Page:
Debt collection agencies will soon have more access to consumers, thanks to a new rule passed by the Consumer Financial Protection Bureau (CFPB).
Coming at a time of historic unemployment and millions of Americans facing financial difficulty, the rule could have a drastic impact on consumers. Although this rule does not take effect until October of 2021, you may want to be familiar with the practice and understand how to protect yourself. Here are some key take-aways regarding the rule:
- Use of electronic communication – As of now, collection agencies may call you on the phone or send you a letter in the mail. In the future, they may use email, text messaging and social media platforms.
- More frequent contact – The new rule also allows collection agencies to contact you more frequently. They will be allowed to call up to seven times per week or more. The text, email and social media posts are unlimited.
- Opting out of electronic contact – The CFPB claims that the rules will allow consumers to opt out of electronic communication but has not stated how they can do that.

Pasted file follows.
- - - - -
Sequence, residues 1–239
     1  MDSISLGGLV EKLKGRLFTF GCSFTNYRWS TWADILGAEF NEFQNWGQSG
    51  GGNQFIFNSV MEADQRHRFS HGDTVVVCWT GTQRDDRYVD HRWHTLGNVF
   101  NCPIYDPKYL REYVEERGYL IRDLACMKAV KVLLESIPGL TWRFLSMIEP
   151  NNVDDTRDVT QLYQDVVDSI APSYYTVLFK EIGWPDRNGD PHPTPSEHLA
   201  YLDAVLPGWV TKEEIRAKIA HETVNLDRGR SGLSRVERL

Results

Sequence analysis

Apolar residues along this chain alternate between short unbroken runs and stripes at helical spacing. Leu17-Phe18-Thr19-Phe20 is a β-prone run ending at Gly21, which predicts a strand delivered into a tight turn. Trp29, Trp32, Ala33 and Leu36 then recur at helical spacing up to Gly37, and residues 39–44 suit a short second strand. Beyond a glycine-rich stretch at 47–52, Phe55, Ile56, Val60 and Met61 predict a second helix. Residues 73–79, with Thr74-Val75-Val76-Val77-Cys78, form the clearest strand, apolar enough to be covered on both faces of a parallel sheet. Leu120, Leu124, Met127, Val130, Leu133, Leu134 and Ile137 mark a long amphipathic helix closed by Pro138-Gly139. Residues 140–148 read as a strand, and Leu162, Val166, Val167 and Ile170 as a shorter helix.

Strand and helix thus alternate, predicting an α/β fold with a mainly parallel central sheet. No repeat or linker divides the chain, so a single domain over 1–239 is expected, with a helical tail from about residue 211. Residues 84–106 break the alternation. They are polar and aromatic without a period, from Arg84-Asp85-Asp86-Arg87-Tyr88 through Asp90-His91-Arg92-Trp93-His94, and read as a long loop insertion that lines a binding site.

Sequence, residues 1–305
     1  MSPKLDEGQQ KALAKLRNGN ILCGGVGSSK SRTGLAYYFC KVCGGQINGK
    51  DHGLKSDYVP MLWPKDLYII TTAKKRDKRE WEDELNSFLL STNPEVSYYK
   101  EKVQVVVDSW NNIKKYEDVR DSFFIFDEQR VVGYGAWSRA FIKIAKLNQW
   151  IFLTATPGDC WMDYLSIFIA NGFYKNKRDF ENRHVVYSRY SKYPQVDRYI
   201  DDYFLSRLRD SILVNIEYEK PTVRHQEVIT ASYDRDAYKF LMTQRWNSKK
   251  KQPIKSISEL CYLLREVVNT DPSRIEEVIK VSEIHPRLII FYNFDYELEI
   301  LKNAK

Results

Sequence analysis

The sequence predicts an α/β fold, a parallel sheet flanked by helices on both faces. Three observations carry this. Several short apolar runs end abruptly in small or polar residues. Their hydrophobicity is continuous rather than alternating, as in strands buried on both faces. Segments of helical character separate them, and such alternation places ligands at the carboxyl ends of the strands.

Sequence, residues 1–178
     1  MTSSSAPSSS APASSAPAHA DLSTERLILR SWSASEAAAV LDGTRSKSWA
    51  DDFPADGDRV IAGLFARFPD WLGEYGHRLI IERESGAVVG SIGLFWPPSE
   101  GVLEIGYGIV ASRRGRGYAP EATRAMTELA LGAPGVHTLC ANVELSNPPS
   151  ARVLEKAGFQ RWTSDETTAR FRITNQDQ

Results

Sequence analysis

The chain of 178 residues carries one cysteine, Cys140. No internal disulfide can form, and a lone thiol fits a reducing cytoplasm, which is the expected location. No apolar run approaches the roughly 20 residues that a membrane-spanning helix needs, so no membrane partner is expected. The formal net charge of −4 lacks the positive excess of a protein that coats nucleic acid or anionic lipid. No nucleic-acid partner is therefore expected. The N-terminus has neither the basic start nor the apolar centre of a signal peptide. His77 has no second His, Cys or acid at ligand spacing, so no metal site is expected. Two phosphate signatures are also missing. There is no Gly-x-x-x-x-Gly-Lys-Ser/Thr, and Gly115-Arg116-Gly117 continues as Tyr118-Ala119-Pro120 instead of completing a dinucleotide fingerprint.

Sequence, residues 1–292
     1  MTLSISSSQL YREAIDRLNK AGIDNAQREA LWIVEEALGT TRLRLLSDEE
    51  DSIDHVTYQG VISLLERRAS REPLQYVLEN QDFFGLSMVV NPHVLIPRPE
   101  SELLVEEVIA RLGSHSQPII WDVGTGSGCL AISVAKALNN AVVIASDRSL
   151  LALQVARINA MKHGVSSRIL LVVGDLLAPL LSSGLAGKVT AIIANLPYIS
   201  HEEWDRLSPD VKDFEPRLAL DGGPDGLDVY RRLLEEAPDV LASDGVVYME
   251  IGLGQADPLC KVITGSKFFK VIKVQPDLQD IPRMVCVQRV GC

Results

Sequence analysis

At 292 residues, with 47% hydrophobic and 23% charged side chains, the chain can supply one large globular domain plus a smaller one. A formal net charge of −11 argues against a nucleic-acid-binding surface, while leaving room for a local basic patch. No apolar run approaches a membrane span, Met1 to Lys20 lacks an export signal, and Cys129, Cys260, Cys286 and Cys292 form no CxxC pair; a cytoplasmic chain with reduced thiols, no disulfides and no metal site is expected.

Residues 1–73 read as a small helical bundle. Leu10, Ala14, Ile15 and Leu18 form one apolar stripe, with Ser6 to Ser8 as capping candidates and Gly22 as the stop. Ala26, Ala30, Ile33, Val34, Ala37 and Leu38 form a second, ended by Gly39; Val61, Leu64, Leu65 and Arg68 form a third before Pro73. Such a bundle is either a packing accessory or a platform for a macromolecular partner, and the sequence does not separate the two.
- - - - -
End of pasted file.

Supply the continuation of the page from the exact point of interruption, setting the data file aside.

- No check on claim accuracy – The rule does not require the collection agency to confirm that the debt still exists or was even legally valid before contacting consumers, continuing a long-standing problem with collections.
What can you do if a collection agency contacts you?
There are certain things you should remember if a debt collector reaches out to you, including:
- Never give out personal information unless you already know that the agency or creditor is legitimate and you are setting up a payment plan. Plenty of scammers masquerade as debt collectors.
- Request a copy of your credit report from your bank or another trusted source so you are familiar with your debts. You can also review the document to make sure that no one has stolen your identity.
- Don’t pay off old debt right away. The statute of limitations for debt collection in Tennessee is six years. A creditor cannot sue for anything older than that, as long as you haven’t made a payment in that time.
- Verify the debt they claim you owe. Make sure the collection agency actually has the right to request the debt before you take any action, especially if you don’t recognize the debt. You can ask for a detailed statement.
These tips apply if a debt collector contacts you before or after the new rule goes into effect. If you know you have outstanding debt and you are one of the many Americans struggling to pay your debt, consider talking to a debt counselor with a reputable non-profit agency. You may also benefit from filing for bankruptcy, which immediately bars creditors from harassing you.